Power Line
The Federation of Electric Power Companies of Japan Vol.9
August 2000

Another Step Taken for Safe Disposal of High-Level Radioactive Waste

ON MAY 31, 2000, the Diet passed a law which enables the Geological Disposal Program to press ahead with plans to bury deep underground high-level radioactive waste produced as part of the spent fuel reprocessing operation.
As every country that relies to some extent on nuclear power generation must also address the need to dispose the radioactive waste that is created, the latest law takes Japan one step closer to that goal.

Disposal of High-Level Radioactive Waste

Conception of Geological Disposal of High-Level Radioactive WasteSPENT NUCLEAR FUEL can be reprocessed for reuse by recovering both the uranium 235 that has not undergone fission and plutonium created during the fission process. Because Japan is poor in energy resources, it must rely almost entirely upon imports to meet its energy needs. Recycling spent fuel thus makes eminent sense for Japan as it not only allows existing nuclear fuel to be used more efficiently but it also secures a reliable supply of nuclear fuel that is independent of imports.

High-level radioactive waste is essentially a liquid separated out during the reprocessing of spent fuel. This liquid contains a variety of substances that remain highly radioactive for a long period of time, so it must be stored well away from human habitation during the period radioactivity is retained. The Japanese disposal program calls for this waste to be vitrified (mixed with melted glass), then poured into secure stainless steel canisters and allowed to cool and solidify. Since vitrified waste gives off heat, the Japanese system is designed to hold it in surface cold storage facilities for 30 to 50 years then buried 300 meters or more underground.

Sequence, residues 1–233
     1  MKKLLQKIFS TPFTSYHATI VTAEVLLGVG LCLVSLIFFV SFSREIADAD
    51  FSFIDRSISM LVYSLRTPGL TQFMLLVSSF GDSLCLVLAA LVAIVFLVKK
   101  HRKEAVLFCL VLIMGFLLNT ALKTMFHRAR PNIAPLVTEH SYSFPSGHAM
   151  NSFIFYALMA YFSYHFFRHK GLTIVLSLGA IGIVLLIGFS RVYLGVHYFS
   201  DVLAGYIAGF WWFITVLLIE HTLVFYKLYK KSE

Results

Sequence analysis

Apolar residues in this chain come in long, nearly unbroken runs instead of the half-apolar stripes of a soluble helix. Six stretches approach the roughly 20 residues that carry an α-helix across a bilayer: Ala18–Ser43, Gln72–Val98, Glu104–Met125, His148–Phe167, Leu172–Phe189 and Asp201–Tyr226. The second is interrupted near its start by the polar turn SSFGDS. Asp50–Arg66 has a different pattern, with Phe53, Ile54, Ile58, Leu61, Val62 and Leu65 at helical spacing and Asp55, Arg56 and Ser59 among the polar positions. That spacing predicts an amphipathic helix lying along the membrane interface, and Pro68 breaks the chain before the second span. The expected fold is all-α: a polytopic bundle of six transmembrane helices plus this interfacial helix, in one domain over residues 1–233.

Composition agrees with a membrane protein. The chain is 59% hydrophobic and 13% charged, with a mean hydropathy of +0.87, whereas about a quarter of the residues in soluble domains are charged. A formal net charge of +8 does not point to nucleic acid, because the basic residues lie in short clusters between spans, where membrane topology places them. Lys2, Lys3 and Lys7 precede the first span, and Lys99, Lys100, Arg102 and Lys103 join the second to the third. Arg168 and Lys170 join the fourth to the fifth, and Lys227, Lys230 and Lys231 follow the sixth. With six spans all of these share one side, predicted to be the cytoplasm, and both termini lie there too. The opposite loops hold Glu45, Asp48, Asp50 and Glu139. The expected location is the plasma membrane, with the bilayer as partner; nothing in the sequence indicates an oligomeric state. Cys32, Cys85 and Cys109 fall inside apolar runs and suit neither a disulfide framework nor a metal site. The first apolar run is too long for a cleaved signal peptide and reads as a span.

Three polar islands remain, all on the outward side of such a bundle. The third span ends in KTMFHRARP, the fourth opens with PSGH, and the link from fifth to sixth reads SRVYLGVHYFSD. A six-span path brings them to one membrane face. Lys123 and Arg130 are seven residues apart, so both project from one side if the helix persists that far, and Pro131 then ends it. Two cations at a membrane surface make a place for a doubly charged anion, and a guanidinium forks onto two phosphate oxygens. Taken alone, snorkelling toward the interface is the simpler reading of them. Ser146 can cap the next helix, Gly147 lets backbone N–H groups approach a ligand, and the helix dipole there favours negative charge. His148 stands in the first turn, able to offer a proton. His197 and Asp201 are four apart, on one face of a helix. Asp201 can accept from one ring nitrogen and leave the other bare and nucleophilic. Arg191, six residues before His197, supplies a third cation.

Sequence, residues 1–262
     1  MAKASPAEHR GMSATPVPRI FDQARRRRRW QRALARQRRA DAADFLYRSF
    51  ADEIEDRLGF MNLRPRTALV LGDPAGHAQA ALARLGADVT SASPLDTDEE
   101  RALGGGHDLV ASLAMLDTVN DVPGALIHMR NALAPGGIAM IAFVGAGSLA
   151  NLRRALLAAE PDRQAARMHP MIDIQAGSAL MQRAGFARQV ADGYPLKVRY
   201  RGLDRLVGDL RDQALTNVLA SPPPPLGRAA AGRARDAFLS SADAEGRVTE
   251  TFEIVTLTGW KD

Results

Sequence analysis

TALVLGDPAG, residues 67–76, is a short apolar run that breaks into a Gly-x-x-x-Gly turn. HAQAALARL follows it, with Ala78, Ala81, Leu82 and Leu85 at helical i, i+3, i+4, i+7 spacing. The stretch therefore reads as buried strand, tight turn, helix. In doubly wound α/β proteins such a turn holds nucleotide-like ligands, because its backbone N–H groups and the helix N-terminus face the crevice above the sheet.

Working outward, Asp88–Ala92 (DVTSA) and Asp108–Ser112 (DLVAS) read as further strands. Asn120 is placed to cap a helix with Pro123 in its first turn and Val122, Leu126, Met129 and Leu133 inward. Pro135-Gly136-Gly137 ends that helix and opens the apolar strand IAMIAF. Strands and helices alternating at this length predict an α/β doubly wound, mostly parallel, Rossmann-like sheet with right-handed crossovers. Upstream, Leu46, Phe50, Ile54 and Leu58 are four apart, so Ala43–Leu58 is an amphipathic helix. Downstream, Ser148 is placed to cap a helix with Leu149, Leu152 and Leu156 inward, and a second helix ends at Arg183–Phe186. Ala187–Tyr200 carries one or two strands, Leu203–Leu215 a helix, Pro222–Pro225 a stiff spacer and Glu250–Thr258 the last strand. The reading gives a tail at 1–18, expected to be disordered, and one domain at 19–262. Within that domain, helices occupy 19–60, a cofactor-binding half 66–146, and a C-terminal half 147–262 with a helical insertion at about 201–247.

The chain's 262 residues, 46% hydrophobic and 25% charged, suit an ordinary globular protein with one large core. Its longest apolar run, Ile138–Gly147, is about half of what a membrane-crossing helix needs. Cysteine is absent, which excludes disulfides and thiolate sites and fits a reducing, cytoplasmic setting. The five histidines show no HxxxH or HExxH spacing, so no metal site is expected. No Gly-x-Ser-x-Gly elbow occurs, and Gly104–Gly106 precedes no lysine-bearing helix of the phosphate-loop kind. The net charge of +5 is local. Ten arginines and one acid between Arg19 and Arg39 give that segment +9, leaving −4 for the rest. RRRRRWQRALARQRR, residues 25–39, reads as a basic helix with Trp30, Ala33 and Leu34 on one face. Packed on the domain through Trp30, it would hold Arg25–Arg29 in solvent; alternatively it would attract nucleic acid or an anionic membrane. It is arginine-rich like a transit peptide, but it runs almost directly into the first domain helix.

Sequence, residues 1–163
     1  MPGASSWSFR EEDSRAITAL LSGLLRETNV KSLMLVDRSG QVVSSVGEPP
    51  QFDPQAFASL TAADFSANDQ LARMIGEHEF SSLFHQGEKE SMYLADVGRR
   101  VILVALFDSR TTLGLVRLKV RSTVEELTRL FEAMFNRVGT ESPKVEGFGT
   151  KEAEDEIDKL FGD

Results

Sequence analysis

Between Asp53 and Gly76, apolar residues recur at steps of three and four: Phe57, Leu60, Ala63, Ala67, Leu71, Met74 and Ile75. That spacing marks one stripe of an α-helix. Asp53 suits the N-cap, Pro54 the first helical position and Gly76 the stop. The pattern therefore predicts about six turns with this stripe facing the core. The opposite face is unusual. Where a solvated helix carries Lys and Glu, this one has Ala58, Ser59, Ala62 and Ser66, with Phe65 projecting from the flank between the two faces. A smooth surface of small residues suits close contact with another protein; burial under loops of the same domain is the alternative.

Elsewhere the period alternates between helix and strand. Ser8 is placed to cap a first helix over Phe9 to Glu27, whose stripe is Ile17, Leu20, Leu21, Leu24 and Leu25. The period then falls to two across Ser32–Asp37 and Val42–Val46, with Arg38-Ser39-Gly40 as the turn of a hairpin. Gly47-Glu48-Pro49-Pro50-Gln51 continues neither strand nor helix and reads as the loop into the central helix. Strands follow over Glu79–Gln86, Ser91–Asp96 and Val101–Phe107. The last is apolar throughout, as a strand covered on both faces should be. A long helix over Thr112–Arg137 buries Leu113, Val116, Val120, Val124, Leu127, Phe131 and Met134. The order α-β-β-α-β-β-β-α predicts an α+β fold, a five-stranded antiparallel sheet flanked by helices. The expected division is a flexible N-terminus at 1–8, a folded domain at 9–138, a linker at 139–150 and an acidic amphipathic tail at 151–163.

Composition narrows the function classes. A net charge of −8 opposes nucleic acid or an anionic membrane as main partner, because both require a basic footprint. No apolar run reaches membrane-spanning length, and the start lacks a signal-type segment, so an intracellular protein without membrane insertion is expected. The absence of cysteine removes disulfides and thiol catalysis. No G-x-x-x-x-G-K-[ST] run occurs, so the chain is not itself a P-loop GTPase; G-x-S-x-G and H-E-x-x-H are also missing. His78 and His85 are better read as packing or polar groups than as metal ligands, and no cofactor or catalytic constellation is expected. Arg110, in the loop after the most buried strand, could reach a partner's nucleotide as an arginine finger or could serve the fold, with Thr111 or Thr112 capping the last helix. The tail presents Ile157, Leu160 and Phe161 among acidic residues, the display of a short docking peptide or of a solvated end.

Mandating Final Disposal Method

Schedule prior to start of operationsTHE NEW DISPOSAL law stipulates that an implementing entity, under the approval and supervision of the Ministry of International Trade and Industry (MITI), be established to handle the geological disposal of vitrified waste. Japan's nuclear power companies are obligated to use this corporation and contribute to the cost of its services in proportion to the amount of vitrified waste they seek to dispose.The monetary contributions will be managed by a separate public corporation to be designated by MITI.

The law also mandates that a three-step selection process be instituted to establish a final disposal site. The first stage includes the identification of "general survey areas" that may be capable of providing for stable, long-term geological disposal. The second stage will narrow these sites down to "detailed survey areas" and the third stage specifies a "final disposal site" (see chart on the right).

Throughout the three-step process, the law requires that consultations be held at the prefectural, municipal and local community levels to give due weight to the views and concerns of citizens in the survey areas. Currently, the nuclear power companies are preparing to establish the implementing entity in October 2000. Once the entity has been set up and the three-stage selection process is complete, the disposal facility will be designed and then evaluated by the government so that it adheres to stringent safety standards. Current plans call for the facility to begin operations some time between the 2030s and mid-2040s.